When you think about Iran, chances are the things that come to mind are negative.
However, once you open your mind to experiences and go to the country, you’ll realize it’s not what it seems. I went to Iran with no expectations and managed to get the most out of my experience. I would return if given the chance.
If you’re planning to visit the country, here are some of the things you can do, see and experience:
Try the local food
Any trip is incomplete without trying the local delicacies. Iran may have a lot of fast food (their own version of burgers, fries and fried chicken), but they also have delicious and unique Persian food. Iranian food has rice, but they also use a lot of bread in their dishes.
There are porridge and soup-like dishes, dips for the bread and a lot of meat. There are plenty of quaint cafes, small, family-owned restaurants, hole-in-the-walls, and high end hotels that offer good food. The price of the food is relatively cheap as well, around P100 to P300 a meal.
Photo by Joshua Berida
Meet the friendly locals
Iranians are eager to welcome tourists. I’ve met many locals who wanted to shake my hand and some even wanted to have their picture taken with me. Some don’t even mind visitors taking selfies with them.
Photo by Joshua Berida
However, always ask for permission before taking a person’s picture. I’ve met people at metro and bus stations who wanted to help me. In some cases, they approached me first, asking me where I was going and they also wanted to tell me the best way to get to the attractions I wanted to go to.
Get lost in the bazaars
The big cities in Iran (at least the places I went to), have a certain buzz about them and an old world charm that lingers. I felt this when I explored the bazaars in Tehran, Shiraz, Yazd and Esfahan. You’ll see all sorts of items such as toys, clothes, spices, jewelry, food, bags, rugs and others.
In some places, you’ll also find some of the best craftsmen in the country that sell handmade products that cost hundreds of dollars. You’ll hear bazaaris (merchants and shopkeepers) calling out to customers as you navigate the narrow alleys and streets of a bazaar. The latter is often connected to a nearby mosque or restaurants.
Visiting the mosques
Iran is an Islamic Republic, and a substantial percentage of the population practices the religion. You’ll see young and old coming and going to mosques throughout the day. You’ll hear prayers and parts of the Koran recited on TV and the radio.
Everyone is welcome at the local mosque; I was allowed to enter, even if I wasn’t Muslim. You’ll see men, women and families gather at mosques to pray and worship.
The mosques in Iran become an attraction because of their design and beauty.
The intricate tile work, paintings, colors and design display Islamic and Persian artistry. When you enter some mosques, it will be like reading a history book. Some are centuries old and exhibit the influences of different epochs. Nasir al-Mulk, also known as the Pink Mosque, is a famous attraction because of the color stained glass windows.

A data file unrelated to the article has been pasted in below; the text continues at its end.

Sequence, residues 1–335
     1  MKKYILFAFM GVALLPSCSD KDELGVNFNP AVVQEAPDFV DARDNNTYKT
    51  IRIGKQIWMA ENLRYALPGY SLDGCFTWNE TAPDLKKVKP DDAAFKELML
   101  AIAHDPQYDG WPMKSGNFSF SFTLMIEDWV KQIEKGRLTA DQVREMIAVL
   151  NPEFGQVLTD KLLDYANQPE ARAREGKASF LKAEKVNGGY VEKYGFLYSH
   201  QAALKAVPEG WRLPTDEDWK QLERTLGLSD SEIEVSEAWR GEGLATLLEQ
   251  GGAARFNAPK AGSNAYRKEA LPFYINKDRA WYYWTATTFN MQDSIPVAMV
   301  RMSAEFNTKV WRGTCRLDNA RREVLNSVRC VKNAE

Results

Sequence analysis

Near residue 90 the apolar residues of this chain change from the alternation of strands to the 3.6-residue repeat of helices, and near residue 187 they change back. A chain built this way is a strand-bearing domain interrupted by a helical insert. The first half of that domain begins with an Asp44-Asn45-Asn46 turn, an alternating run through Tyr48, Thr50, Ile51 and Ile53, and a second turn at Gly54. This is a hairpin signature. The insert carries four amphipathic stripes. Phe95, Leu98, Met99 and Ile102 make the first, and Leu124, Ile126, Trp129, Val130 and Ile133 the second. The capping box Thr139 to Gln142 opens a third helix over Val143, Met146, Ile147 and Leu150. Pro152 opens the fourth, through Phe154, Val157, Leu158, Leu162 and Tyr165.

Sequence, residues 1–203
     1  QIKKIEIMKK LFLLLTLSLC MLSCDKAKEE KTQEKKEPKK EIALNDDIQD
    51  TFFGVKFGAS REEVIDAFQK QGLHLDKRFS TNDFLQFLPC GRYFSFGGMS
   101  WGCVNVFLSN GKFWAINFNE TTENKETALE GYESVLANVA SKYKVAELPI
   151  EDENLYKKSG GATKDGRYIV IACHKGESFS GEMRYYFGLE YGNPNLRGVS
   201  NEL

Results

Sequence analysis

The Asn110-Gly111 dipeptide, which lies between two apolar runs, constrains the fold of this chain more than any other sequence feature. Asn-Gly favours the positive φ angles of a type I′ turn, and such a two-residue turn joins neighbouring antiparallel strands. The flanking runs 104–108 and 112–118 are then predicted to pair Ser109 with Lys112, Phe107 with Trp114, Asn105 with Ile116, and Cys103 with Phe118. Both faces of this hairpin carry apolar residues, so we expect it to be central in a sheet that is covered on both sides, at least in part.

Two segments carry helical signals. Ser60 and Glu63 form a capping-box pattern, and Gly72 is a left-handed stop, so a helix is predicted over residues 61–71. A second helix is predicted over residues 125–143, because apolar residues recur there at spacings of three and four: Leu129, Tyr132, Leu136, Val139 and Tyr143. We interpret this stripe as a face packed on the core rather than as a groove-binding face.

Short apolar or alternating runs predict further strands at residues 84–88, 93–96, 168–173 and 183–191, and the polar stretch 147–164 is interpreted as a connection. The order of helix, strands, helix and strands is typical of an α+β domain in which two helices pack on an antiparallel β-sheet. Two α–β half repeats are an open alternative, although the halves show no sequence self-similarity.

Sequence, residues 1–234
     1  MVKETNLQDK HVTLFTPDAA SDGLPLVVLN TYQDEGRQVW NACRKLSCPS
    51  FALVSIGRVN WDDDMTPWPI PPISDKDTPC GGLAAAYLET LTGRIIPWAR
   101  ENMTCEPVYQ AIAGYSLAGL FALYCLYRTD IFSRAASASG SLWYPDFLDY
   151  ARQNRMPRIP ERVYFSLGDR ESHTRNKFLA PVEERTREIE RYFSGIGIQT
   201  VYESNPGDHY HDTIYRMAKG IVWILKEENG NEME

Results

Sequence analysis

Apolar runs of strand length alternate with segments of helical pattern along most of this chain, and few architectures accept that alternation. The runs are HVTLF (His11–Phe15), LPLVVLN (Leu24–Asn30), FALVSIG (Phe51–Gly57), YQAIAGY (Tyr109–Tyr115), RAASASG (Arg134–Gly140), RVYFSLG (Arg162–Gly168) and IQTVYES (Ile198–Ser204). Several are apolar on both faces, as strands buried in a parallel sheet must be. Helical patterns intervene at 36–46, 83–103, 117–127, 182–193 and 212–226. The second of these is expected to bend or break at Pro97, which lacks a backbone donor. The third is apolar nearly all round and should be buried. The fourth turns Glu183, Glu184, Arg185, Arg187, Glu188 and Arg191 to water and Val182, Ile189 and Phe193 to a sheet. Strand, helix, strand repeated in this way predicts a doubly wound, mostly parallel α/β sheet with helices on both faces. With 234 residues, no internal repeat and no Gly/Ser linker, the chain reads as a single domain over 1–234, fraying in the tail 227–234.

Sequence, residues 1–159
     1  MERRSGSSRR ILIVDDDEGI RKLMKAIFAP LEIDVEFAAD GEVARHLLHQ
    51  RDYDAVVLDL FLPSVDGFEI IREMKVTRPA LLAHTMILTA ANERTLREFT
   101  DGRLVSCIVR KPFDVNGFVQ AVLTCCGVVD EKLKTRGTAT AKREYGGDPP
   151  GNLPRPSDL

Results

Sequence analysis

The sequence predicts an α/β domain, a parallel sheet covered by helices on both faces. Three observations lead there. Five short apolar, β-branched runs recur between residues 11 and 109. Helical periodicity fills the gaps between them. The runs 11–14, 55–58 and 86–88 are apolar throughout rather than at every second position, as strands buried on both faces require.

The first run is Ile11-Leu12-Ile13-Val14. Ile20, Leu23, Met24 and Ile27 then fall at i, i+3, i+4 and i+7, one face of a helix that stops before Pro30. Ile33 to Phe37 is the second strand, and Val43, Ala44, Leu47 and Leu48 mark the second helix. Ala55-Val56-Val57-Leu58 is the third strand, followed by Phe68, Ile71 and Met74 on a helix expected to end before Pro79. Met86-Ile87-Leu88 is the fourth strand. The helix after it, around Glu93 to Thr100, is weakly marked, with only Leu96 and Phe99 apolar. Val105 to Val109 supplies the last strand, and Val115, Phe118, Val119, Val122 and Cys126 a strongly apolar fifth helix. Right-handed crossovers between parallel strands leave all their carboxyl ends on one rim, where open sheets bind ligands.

It becomes more beautiful early morning because the sunlight will reflect the colors on the carpet. Other notable mosques include the Imam and Jameh Mosques in Esfahan, Vakil and Shah-e Cheragh Mosques in Shiraz, and the Jame Mosque in Yazd, just to name a few.
Learn more about Persian art and history
Iran has a rich culture and history which will attract tourists. One of the reasons to visit the country is the ancient city of Persepolis. The latter dates back centuries (Achaemenid Empire) to the time of kings and queens.
This UNESCO-listed heritage site is in a ruinous state, but still has some sections preserved and maintained. You’ll see some carvings that depict the life of the royalty and their subjects frozen in time on a wall, staircase or column.
Other than the ruins, you’ll see works of ancient art in different parts of the city. A notable destination while in Esfahan is Chehel Sotoun. The latter has stunning frescos and paintings; the details and the colors will amaze you. The Naqsh-e Jahan Square in the same city is not just a relic of the past; locals still gather here for picnics, photo ops, dining out, shopping and going to the nearby mosques.
The UNESCO-listed square is especially lovely and atmospheric at night. Yazd’s old town is also a noteworthy addition to your itinerary.
Visit a garden and the old mansions
Iran has restored and maintained Persian gardens that are tourist attractions for both local and foreigners. Notable gardens in the country include Eram (in Shiraz) and Dowlat Abad Garden (in Yazd).
The mansions are just like the mosques; they are displays of opulence and Persian craftsmanship.
The rooms are elegant, the exteriors have a detailed and colorful façade, and the ceilings with their intricate ceiling paintings and ornaments.
Visa on arrival for Filipinos
Filipinos don’t need to apply for a visa before going to Iran (but you can do so). You can get a visa on arrival when you enter the country through certain airports, one of which is Imam Khomeini International Airport.
You need to get insurance which costs about US$16. After you get the insurance, the immigration office will give you a form that you need to fill out. You’ll need to provide details such as your name, occupation, address of your occupation and other information.
You’ll also pay for the visa on arrival, which is around US$69. The fee will vary depending on the nationality on your passport. The waiting time may take up to more than an hour, depending on how fast they process your documents.
Getting to Iran: There are no direct flights from Manila to Tehran; you’ll have to transit somewhere else such as Kuala Lumpur, Dubai, or other countries in the Middle East. Iran is a beautiful country, from its landscapes to its people to its rich culture and history.
Keep an open mind and allow it to surprise you. – Rappler.com